Has it been only five years since I and everyone else was floored by his show The Interminable Suicide Of Gregory Church? He’s been a constant, welcome presence in New York ever since — bringing further theatrical ventures from across the pond, hosting an evening of stand-up acts in a crumbling VFW hall, wafting over the airwaves with a radio broadcast (if “wafting over the airwaves” applies to a radio show that streams on the internet) and even doing his own stand-up comedy for a full evening, which unfortunately is the one facet of his work I’ve missed to date. For all I know, he’s also dashing off sculptures in his spare time when not writing code to protect and promote internet neutrality. If he does, the code is undoubtedly the wittiest, most elegant, complex and fun to read coding of the year.

What does he do in these one-man extravaganzas? Well, in his story shows like Mouse: The Persistence Of An Unlikely Thought, Kitson deftly combines three distinct strands of performance into one event that can only be described as Kitsonian. And like porn, you know it when you see it. This includes the form of a monologue or tale a la Spalding Gray (though not overtly autobiographical). It also weaves in drama, though instead of another actor Kitson often employs technology of one sort or another to introduce other voices. And finally, at rare unexpected moments Kitson uses the improv skills of his stand-up to give the audience a good shake, snap them to attention and have fun with the unexpected moments that make up live theater — such as Kitson spilling a drink or an audience member dozing off.

(If you like to pretend you are invisible to actors when attending the theater, think again. They hear every crinkle of the candy you’re unwrapping and invariably they glance at you when you “rest your eyes” for one soul-crushing moment. Kitson paused the piece several times on the night I attended, asking one man what was distracting him and asking another with delight if Kitson was imagining it or he’d actually moved into a different seat. Actors see you as easily as you see them. Behave yourself.)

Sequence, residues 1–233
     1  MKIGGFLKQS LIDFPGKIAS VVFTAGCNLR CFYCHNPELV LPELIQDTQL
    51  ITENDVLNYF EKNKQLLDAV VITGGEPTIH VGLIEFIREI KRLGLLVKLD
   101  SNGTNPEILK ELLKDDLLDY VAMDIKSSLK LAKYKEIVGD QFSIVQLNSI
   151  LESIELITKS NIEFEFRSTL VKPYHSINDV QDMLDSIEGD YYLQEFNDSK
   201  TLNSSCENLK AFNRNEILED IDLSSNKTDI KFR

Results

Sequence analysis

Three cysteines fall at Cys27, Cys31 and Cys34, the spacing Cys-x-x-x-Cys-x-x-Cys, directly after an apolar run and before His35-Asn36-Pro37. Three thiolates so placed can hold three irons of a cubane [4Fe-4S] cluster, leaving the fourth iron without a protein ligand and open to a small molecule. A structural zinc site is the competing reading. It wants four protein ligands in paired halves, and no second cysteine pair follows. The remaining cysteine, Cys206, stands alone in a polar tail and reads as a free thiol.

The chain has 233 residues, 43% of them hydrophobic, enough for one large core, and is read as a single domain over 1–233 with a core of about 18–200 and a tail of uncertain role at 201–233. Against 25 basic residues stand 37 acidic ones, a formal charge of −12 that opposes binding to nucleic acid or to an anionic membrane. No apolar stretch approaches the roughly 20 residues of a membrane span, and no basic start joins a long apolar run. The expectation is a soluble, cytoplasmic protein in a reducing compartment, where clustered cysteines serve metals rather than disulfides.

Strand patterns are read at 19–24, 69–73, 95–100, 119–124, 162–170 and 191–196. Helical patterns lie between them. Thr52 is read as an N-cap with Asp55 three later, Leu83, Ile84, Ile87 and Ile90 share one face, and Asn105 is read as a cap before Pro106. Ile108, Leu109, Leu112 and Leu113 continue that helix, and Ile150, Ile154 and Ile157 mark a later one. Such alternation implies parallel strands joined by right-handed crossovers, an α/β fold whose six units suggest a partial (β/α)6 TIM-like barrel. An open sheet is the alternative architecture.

This time, the show begins with Kitson standing at the back of the stage as two walls slowly converge in front of him. For Kitson, this is as dramatic and flashy a special effect as the helicopter in Miss Saigon. What we then see is the rather spartan interior of a warehouse or shed, clearly set up with a desk and other modest amenities. The phone rings, Kitson rushes back in and we’re off. After a bit of confusion about who called whom, we learn several things: our protagonist is a writer who uses the warehouse for a quiet work space, the caller on the other end sounds oddly like our hero (though the writer insists their voices have distinct if subtle differences), they both enjoy a good banter and all the caller need do is show interest in the story to keep the writer on the phone.